It looked easy. I chose a few keywords, gave Google my credit card number, and BAM! My website should be crawling with qualified prospects, right? But instead my website bounce rate skyrocketed and I quickly spent my monthly marketing budget with nothing to show for it.
Sound familiar? If so, it is time to better understand the 5 steps of building an outrageously successful paid search, or pay-per-click (PPC) campaign. But first, why should you invest in PPC instead of improving your natural search results?
Search engine optimization is a journey, and the destination can sometimes be far in the distance, especially for small start-ups. While working to improve natural relevancy, PPC can be a good bridge marketing activity.
PPC is a highly targeted marketing activity with excellent accountability. For example, you can purchase "long tail" terms, very specific to exactly who you would like to target. You can measure exactly how many prospects saw and clicked through on your ad. Then measure their behavior on your website.
Let's Get Started!
1. Keyword selection
You'll likely invest a good deal of time determining which keywords to purchase. I recommend selecting fairly specific keywords. They may not be quite as well-trafficked as more general terms, but those seeking these keywords will be a more qualified audience, and your return-on-investment will be higher.
Give some thought to how your target audience seeks information. Will they search by typing in their challenge/problem, or will they seek a solution? Test keywords both ways and see which is more fruitful.
As you pull your preliminary list together, give thought to your budget. You can quickly run up the tab by selecting very popular words, or by trying to be in the #1 spot. We do not recommend these tactics. Choose less crowded search terms, and embrace the bargain #2 or #3 position, knowing that you will be every bit as successful at #1, but pay much less for your results.
2. Driver (Ad Text)
Now that you've chosen your keywords, each will need a catchy title and ad text that drives the reader to visit your site. Focus on what you offer, and be specific. Try to capture qualified leads, and steer away everyone else. Otherwise you'll pay for undesirable visitors to click and bounce away -- not a good use of your marketing dollars.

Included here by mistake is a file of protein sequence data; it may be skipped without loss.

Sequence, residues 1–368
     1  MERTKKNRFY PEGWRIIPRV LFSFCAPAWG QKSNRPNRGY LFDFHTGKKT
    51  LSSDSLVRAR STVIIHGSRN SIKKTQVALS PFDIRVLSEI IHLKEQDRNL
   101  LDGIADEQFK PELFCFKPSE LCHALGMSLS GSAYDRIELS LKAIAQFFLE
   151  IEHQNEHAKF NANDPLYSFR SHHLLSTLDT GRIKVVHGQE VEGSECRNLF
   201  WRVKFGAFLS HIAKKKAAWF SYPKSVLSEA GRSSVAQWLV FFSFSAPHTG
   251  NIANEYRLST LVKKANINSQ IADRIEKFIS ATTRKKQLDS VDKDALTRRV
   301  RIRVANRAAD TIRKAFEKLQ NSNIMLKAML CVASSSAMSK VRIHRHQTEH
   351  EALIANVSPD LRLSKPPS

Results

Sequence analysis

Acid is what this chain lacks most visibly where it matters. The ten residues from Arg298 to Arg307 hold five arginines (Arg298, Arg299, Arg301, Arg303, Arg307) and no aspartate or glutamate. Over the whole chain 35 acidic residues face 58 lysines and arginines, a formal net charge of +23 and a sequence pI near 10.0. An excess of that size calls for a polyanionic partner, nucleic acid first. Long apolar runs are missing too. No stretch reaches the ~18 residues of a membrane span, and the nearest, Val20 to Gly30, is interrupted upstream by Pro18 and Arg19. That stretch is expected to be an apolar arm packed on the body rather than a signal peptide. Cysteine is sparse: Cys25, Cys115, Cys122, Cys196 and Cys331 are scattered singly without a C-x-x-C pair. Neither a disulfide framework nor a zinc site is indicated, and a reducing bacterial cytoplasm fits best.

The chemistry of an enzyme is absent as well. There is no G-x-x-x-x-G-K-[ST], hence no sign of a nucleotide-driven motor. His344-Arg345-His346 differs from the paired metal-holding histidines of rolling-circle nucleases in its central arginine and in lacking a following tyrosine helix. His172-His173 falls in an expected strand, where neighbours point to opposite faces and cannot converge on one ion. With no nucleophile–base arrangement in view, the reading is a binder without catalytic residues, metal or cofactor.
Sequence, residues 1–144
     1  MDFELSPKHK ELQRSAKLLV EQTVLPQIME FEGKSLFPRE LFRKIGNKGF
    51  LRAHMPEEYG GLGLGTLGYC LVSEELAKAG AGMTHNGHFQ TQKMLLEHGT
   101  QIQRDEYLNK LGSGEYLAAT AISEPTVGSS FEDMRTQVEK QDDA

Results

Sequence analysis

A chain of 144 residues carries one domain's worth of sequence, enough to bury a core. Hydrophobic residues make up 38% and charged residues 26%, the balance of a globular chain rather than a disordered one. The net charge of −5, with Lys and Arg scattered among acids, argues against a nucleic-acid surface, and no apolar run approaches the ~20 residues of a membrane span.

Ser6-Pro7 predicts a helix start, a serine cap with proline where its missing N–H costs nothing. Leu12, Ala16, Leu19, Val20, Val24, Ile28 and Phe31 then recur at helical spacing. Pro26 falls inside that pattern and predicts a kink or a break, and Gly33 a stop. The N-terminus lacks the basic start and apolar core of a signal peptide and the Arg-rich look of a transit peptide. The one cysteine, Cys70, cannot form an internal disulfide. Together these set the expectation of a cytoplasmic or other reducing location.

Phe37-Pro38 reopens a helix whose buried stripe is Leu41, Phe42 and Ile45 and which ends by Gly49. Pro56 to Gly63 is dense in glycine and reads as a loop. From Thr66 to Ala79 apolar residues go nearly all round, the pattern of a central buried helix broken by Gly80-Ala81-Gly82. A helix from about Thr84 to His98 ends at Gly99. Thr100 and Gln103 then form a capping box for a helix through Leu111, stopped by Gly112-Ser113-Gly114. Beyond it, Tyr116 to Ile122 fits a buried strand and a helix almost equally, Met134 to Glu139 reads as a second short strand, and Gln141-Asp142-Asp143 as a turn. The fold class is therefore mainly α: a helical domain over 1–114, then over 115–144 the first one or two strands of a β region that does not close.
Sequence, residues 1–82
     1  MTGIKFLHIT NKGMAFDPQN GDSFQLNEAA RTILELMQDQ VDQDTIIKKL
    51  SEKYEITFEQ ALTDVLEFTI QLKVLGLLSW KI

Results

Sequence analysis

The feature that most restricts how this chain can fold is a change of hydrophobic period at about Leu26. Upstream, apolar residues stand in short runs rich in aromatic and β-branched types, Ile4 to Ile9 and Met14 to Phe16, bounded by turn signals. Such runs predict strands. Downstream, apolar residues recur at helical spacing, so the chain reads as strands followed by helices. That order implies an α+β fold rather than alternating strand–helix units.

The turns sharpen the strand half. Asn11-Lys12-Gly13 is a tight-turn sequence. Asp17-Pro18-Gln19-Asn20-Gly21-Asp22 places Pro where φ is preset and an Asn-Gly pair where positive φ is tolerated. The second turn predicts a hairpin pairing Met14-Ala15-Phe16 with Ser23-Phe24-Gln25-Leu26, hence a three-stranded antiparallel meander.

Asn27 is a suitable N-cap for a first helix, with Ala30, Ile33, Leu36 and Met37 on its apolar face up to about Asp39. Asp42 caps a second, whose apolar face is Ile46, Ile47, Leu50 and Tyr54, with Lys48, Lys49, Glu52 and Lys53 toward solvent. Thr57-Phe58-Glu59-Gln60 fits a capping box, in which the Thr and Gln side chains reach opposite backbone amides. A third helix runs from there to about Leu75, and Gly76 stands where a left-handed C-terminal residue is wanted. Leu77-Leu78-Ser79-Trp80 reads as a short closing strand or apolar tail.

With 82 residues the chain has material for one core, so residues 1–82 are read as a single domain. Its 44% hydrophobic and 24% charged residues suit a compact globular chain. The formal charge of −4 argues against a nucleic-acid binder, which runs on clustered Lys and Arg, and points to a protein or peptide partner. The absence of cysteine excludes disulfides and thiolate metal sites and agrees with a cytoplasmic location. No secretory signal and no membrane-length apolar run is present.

Take some time to study other companies' adwords. You will quickly obtain ideas of the good, bad and ugly. Here is a recent ad run by TREW Marketing:
On one hand, this ad is specific. If you were reading and not a test and measurement company, or not interested in marketing, you would probably not click. The ad could be improved by utilizing a more compelling offer, such as a white paper.
3. Landing Page
I've clicked on your ad...where do you send me? To your home page? Or is there a more specific area of your site that provides targeted information? The most important thing is to deliver on whatever offer you've promised. If you have a general ad, sending someone to your home page is fine. If your ad offers a white paper on the latest changes in industry test standards, make sure the visitor can easily find the white paper after they click .
Often our TREW clients will run ads specific to an industry or application, and then drive traffic to that specific landing page on their site. This is very effective to retain visitors and compel them to learn more.
4. Call to action (offer)
Use your landing page to continue a relationship with this new visitor. What action would you like the visitor to take? Subscribe to your newsletter? Call your sales team? Craft one or several calls to action, placed prominently on the landing page. Set goals for conversion to next activity, and measure how well you are doing. If this is an area of weakness, consider creating new offers, such webcasts or white papers.
5. Next steps
After all the work that you've done, be sure you follow through. If you've promised a sales person will call, be sure that information is passed to the sales team. If you've offered a newsletter, be sure they are added to the list and you actually send something out. And so on. This is your opportunity to close the sale.
PPC campaigns do not run on autopilot. We recommend measuring often, experimenting and tweaking your keywords, ad titles, ad copy, landing pages, and offers. Other areas to test include frequency, languages, and 3rd party Google ad feeds. It is a busy job managing Google adwords, but the payoff can be quite outstanding.
TREW Marketing has deep expertise in PPC, and offers monthly retainers to manage paid search campaigns. Interested in learning more? Contact us today at firstname.lastname@example.org.